Our vision is to be the go-to resource for design for other teams across the WordPress open sourceOpen SourceOpen Source denotes software for which the original source code is made freely available and may be redistributed and modified. Open Source **must be** delivered via a licensing model, see GPL. project.
A while ago, myself and @kellychoffman started working on the redesign of the Gutenberg landing page on WordPress.orgWordPress.orgThe community site where WordPress code is created and shared by the users. This is where you can download the source code for WordPress core, plugins and themes as well as the central location for community conversations and organization. https://wordpress.org/. The current page is slightly outdated, both its visuals and content.
Now that GutenbergGutenbergThe Gutenberg project is the new Editor Interface for WordPress. The editor improves the process and experience of creating new content, making writing rich content much simpler. It uses ‘blocks’ to add richness rather than shortcodes, custom HTML etc. https://wordpress.org/gutenberg/ has been a part of WordPress for a few years, it makes sense to update it, shifting the message from what used to be the new post editor to the editor that can power all parts of your site.
In these iterations, we grabbed many ideas from patterns in the Pattern Directory, ending up with an interesting collection of different blockBlockBlock is the abstract term used to describe units of markup that, composed together, form the content or layout of a webpage using the WordPress editor. The idea combines concepts of what in the past may have achieved with shortcodes, custom HTML, and embed discovery into a single consistent API and user experience. patterns. We kept copy and visual elements rather minimal, exploring three typographic alternatives: two sans-serif fonts, Inter and SF, and an elegant serif font, EB Garamond.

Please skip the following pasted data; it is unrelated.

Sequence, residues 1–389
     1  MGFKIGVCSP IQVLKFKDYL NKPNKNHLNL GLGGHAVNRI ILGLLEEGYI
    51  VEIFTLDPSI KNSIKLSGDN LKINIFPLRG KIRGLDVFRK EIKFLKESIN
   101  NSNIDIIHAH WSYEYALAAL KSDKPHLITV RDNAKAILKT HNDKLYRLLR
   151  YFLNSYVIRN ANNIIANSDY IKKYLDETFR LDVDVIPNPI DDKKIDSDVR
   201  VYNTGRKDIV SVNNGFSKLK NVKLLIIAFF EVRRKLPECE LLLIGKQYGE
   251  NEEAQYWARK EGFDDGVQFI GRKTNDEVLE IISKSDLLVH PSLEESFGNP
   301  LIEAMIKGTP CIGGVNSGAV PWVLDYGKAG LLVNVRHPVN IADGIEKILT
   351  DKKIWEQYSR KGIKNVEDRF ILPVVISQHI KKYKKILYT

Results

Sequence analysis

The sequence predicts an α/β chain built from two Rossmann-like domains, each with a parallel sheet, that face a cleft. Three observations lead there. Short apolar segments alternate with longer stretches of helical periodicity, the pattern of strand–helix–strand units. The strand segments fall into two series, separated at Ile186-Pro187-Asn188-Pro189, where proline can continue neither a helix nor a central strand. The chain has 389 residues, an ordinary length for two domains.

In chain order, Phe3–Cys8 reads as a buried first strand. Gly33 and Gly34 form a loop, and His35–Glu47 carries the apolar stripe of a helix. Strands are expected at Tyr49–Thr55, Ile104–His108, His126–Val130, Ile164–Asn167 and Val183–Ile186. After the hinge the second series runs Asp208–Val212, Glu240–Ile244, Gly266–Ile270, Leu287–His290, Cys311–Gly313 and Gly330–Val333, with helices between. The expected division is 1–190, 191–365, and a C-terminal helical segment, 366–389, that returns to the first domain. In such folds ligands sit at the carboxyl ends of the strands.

We also explored both light and dark modes.
It is intentional that the page looks more like a landing page rather than an open canvas “playground” page. While it can still be interactive, allowing people to click around and explore, it shows what is possible to achieve with the editor, remaining ultimately informative.
Structurally, there are a few proposed changes:
Highlighting Blocks and Patterns separately
Adding accessibilityAccessibilityAccessibility (commonly shortened to a11y) refers to the design of products, devices, services, or environments for people with disabilities. The concept of accessible design ensures both “direct access” (i.e. unassisted) and “indirect access” meaning compatibility with a person’s assistive technology (for example, computer screen readers). (https://en.wikipedia.org/wiki/Accessibility) info and improvements to the “Gutenberg loves everyone” section
Adding a section for new users, linking to Learn WordPress and highlighting a few key courses
Creating a section with some more helpful content and links to dig deeper about Gutenberg
This is a proposal, which means there’s space for iterating! I’d like to open this up for feedback through November 5th, at which point I’ll return to work on refining the content and details. All feedback is welcome, either here or in the Trac ticket, where previous iterations have been shared.
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